Tying a Blacknose Dace Fly

Eastern Blacknose Dace (Rhynichthus atratulus) is one of the most commonly found minnow species in brook trout waters throughout Appalachia and most of the Northeast. They have very similar water quality and habitat requirements as brook trout.

The appearance varies from tan with a strong black strip mid-body, to having a vibrant orange/red strip and fins depending on water and time of year.

By Brian Gratwicke – originally posted to Flickr as Blacknose dace – Rhinichthys atratulus, CC BY 2.0, https://commons.wikimedia.org/w/index.php?curid=8024902
(c) Emilio Concari, some rights reserved (CC BY-NC). Photo by Emilio Concari.

Since blacknose dace are so commonly found with brook trout, and since they’re much smaller than brook trout, they’re an important food source for the brookies.

There have been many fly patterns created to imitate the blacknose dace. I’ve had good success with the classic blacknose dace streamer. The classic fly is a very vague interpretation of the fish, and I wanted to come up with something a little more realistic.

I tie two different versions of this fly. A “fancy” version with Jungle Cock “eyes” and a simplier version with no “eyes” and wound pine squirrel for the collar instead of the more challenging dubbing style pine squirrel collar.

Recipe:

  • Hook: Size 8 Daiichi 1750 streamer hook
  • Weight: .010″ Lead Wire
  • Thread (body): UTC Ultra Thread 70D
  • Thread (head): Semperfli Nano Silk in Black 100D
  • Tail: Red micro crystal flash
  • Body: Red silk or poly yarn
  • Rib: Silver UTC ultra wire in Medium
  • Wing: Jungle Cock feathers (longer cape feathers)
  • Collar: Pine Squirrel strips (Rust)
  • Eyes: Jungle Cock

Step 1:

Note: You don’t have to have perfect touching wraps for the first layer of thread. Stop where your thread hangs even with about mid-point between the hook point and barb (Pinch your barb! I do this on the stream).

Step 2:

Note: Start your lead wraps about 2 eye lengths from where you stopped the thread base. I make about 40 wraps.

Step 3:

Note: Cover your lead wire with several fast wraps of thread forward and back again. Tie in your 2 strands of red crystal flash doubled over and cover between the back of the lead wraps and the rear of the fly. Then trim the crystal flash even with the end of the lead wraps.

Step 4:

Note: Tie in about a 4 inch long section of UTC silver wire stopping where the lead wire wraps stop.

Step 5:

Note: tie in about a 4 inch long section of Red poly or silk yarn. I used a fine red poly yarn doubled over 4 times (4 strands).

Step 6:

Note: Wrap your yarn forward using touching or overlapping wraps to make a clean body and secure the yarn with a few wraps of thread.

Step 7:

Note: Make evenly spaced wraps forward with the silver wire, tie it in with the thread and then whip finish the read thread and trim off.

Step 8:

Note: Start in your black nanosilk line and wrap back over the silver wire and red thread to clean up.

Step 9:

Note: Select 2 matching jungle cock feathers. Try to use the longest feathers you have. You can substitute a silver badger feather here but I like the pattern and color in jungle cock feathers.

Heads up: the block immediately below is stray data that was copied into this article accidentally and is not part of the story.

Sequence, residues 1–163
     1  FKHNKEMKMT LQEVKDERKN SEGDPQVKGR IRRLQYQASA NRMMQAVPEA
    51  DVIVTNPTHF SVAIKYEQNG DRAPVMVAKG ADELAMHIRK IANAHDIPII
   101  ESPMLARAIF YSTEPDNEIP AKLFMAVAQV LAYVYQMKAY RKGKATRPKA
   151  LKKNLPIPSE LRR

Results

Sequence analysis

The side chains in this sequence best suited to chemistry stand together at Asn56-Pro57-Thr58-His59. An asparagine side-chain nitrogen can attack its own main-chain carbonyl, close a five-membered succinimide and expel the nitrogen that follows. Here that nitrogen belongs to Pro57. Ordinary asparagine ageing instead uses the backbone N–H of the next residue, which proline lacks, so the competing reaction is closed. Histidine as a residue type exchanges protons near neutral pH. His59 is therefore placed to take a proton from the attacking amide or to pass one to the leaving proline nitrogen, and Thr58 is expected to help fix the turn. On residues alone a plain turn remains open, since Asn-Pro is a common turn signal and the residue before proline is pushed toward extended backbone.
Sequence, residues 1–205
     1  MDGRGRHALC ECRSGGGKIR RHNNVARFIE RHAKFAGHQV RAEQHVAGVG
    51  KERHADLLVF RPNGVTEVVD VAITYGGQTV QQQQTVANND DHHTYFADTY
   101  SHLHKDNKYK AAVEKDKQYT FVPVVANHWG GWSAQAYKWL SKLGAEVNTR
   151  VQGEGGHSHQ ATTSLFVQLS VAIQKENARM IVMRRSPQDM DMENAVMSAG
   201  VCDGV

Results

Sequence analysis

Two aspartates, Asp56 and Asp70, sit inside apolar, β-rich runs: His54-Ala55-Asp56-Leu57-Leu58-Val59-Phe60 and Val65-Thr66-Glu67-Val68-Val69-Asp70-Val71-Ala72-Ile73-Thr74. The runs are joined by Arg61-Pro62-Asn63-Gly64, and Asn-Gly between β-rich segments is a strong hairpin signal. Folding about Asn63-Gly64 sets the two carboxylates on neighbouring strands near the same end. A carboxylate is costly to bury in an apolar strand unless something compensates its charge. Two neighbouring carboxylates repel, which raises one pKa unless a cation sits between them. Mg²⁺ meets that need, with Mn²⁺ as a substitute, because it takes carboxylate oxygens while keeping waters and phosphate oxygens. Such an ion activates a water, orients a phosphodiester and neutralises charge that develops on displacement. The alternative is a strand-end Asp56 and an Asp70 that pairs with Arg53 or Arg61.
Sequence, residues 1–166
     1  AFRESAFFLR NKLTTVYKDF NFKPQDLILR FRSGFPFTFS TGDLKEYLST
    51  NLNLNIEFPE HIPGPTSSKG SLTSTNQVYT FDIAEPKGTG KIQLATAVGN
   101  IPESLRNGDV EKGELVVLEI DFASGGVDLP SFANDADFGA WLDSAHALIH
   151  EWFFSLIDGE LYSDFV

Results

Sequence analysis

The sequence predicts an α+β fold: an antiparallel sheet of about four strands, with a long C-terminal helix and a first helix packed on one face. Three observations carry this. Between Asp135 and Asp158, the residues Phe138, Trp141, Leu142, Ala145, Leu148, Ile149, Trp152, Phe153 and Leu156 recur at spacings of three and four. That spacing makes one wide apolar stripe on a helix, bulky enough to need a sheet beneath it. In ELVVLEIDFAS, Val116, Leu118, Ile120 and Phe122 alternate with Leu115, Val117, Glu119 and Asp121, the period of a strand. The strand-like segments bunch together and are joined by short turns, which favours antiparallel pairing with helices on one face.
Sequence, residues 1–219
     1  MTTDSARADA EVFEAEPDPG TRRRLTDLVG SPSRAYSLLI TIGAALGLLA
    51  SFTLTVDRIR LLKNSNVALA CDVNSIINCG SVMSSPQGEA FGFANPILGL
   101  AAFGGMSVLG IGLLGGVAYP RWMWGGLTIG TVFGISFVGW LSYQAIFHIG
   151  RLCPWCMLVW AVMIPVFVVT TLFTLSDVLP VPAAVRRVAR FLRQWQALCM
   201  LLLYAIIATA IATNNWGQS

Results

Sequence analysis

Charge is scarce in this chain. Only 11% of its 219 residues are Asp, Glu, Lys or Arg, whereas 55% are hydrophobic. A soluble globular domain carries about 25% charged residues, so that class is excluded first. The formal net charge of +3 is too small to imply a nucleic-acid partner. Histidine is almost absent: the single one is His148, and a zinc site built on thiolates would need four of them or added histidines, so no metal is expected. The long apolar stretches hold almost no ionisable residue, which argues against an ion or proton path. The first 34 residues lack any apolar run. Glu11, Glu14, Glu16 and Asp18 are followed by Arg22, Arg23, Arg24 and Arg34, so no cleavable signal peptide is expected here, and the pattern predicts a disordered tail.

Step 10:

Note: Tie in both feathers with one on either side on top of the hook. Double over the stems, tie in tightly and remove stems. At this point I apply a tiny drop of super glue at the stem thread wraps.

Step 11:

Note: Select 2 smaller jungle cock cape feathers and clean up the fluff to approximately the same length.

Step 12:

Note: Tie in the smaller feathers on both sides of the fly. For the alternate, simpler version, at this point you can skip the smaller feathers and tie in the pine squirrel strip.

Step 13:

Note: Split your tying thread and feed through the fur from the pine squirrel strip. Then trim off the leather and spin the yarn to trap the fur.

Step 14:

Note: Wrap down the fur brush while preening the fur back.

Step 15:

Note: Select two matching jungle cock eyes.

Step 16:

Note: Tie in the jungle cock eyes on either side, fold back the stems, tie in, and remove the stem waste.

Step 17:

Note: Whip finish the head, apply cement, super glue, and/or UV resin or varnish to finish the head.

Alternate:

Note: For the alternate version, tie in the pine squirrel strip and make about 2 wraps, then secure with the thread (this is where nanosilk or GSP helps) and wrench down the zonker strip to secure well. Then build up a thread head, whip finish, and lacquer/epoxy the head to finish.

Thoughts:

This has been an excellent fly for me for both brook trout and trout in general. It’s similar to “old-school” style feather wing flies and I don’t think trout see much stuff like this these days. In my opinion, it’s a pretty good dace representation while also looking somewhat like a sculpin in the water. The red body and silver wraps really stand out in the water. The fly looks much better wet than dry.

The weight seems to be just enough to keep it about mid water-column without sinking too quickly. I fish a lot of streams down and then back up again. I typically fish the streamer on my way down by holding it in the current near the tailout of the pool and then darting it up along the edges of the main current. Then I have lunch and fish back up with a dry or dry-dropper rig.

The fly also fishes well across current, or slightly up and across the current with a quick, jerky retrieve. I’ve also caught “other trout” swinging through a large pool.

As noted above, you could replace the jungle cock with silver badger or similar, but I like that the tips of jungle cock have a hint of orange to it. The rust pine squirrel further enhances the orange hue to the fly and it tends to really stand out in the water. While the pine squirrel lays down when wet, it undulates and “puffs” up in the water creating a bulkier head, which again, can imitate a sculpin.

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